The long-term aim of the campaign is to develop an open culture where menstruation is not treated as a taboo. The campaign also seeks to hold the schools accountable for their responsibilities as an important component in the implementation of MHM policies by making adequate sanitation infrastructure and knowledge of MHM available in school premises.

Read more about his campaign.

Harshita is a psychologist and works to support people with mental health issues, particularly adolescents who are survivors of violence. Associated with the Azadi Foundation in UP, Harshita became an MHM Fellow with YKA, with the aim of promoting better menstrual health.

Her campaign #MeriMarzi aims to promote menstrual health and wellness, hygiene and facilities for female sex workers in UP. She says, “Knowledge about natural body processes is a very basic human right. And for individuals whose occupation is providing sexual services, it becomes even more important.”

Meri Marzi aims to ensure sensitised, non-discriminatory health workers for the needs of female sex workers in the Suraksha Clinics under the UPSACS (Uttar Pradesh State AIDS Control Society) program by creating more dialogues and garnering public support for the cause of sex workers’ menstrual rights. The campaign will also ensure interventions with sex workers to clear misconceptions around overall hygiene management to ensure that results flow both ways.

Read more about her campaign.

MH Fellow Sabna comes with significant experience working with a range of development issues. A co-founder of Project Sakhi Saheli, which aims to combat period poverty and break menstrual taboos, Sabna has, in the past, worked on the issue of menstruation in urban slums of Delhi with women and adolescent girls. She and her team also released MenstraBook, with menstrastories and organised Menstra Tlk in the Delhi School of Social Work to create more conversations on menstruation.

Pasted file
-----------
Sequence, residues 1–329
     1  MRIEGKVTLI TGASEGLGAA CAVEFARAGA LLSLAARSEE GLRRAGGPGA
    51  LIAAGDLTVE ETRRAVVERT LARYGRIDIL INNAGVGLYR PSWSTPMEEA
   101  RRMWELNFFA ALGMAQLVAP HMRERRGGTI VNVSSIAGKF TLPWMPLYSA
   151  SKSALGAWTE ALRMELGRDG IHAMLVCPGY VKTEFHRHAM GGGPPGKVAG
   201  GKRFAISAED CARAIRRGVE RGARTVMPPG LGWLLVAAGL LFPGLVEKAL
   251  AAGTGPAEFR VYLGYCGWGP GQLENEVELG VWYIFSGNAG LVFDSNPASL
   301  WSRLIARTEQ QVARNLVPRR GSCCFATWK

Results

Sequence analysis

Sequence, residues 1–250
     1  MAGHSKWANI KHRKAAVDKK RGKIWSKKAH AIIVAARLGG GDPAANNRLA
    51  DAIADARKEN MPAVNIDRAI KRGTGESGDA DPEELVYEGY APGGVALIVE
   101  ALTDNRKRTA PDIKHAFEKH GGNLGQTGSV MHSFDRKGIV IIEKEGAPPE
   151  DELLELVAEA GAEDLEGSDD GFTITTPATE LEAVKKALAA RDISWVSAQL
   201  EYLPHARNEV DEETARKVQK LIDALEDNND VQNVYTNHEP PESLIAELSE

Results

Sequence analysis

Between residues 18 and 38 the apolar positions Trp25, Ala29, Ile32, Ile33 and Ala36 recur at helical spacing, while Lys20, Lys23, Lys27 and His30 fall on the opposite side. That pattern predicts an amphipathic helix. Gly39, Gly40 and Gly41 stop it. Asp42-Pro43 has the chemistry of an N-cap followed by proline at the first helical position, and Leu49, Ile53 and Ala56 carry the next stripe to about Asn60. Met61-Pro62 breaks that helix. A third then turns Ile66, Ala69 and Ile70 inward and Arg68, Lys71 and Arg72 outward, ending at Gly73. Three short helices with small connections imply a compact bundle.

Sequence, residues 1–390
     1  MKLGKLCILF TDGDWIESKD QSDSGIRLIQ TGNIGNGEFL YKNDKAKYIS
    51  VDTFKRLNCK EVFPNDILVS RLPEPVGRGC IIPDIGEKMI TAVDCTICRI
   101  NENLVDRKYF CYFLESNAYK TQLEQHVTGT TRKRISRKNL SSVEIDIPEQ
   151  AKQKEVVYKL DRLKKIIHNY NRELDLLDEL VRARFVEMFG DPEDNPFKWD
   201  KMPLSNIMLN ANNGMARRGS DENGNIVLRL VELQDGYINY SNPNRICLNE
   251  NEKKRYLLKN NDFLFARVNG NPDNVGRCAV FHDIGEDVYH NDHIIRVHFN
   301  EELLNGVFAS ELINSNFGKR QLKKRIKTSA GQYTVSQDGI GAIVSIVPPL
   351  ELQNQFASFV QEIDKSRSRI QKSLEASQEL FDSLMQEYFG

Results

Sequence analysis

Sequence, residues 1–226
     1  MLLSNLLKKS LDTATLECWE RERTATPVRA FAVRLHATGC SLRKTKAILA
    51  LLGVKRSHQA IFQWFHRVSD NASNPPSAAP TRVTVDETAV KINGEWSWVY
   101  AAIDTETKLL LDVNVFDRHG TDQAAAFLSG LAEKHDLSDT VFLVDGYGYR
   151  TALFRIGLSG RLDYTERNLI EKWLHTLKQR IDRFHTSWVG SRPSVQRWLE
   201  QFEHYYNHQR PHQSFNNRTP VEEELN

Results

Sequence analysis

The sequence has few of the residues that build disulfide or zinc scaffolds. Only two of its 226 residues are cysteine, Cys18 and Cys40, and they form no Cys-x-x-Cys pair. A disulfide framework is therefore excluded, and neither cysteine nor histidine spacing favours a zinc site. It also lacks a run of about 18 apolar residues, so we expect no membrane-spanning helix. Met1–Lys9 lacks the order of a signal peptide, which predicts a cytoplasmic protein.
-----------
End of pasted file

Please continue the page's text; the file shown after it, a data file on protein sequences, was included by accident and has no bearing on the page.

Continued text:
With YKA MHM Fellow Vineet, Sabna launched Menstratalk, a campaign that aims to put an end to period poverty and smash menstrual taboos in society. As a start, the campaign aims to begin conversations on menstrual health with five hundred adolescents and youth in Delhi through offline platforms, and through this community mobilise support to create Period Friendly Institutions out of educational institutes in the city.

Read more about her campaign. 

A student from Delhi School of Social work, Vineet is a part of Project Sakhi Saheli, an initiative by the students of Delhi school of Social Work to create awareness on Menstrual Health and combat Period Poverty. Along with MHM Action Fellow Sabna, Vineet launched Menstratalk, a campaign that aims to put an end to period poverty and smash menstrual taboos in society.

As a start, the campaign aims to begin conversations on menstrual health with five hundred adolescents and youth in Delhi through offline platforms, and through this community mobilise support to create Period Friendly Institutions out of educational institutes in the city.

Find out more about the campaign here.

A native of Bhagalpur district – Bihar, Shalini Jha believes in equal rights for all genders and wants to work for a gender-equal and just society. In the past she’s had a year-long association as a community leader with Haiyya: Organise for Action’s Health Over Stigma campaign. She’s pursuing a Master’s in Literature with Ambedkar University, Delhi and as an MHM Fellow with YKA, recently launched ‘Project अल्हड़ (Alharh)’.

She says, “Bihar is ranked the lowest in India’s SDG Index 2019 for India. Hygienic and comfortable menstruation is a basic human right and sustainable development cannot be ensured if menstruators are deprived of their basic rights.” Project अल्हड़ (Alharh) aims to create a robust sensitised community in Bhagalpur to collectively spread awareness, break the taboo, debunk myths and initiate fearless conversations around menstruation. The campaign aims to reach at least 6000 adolescent girls from government and private schools in Baghalpur district in 2020.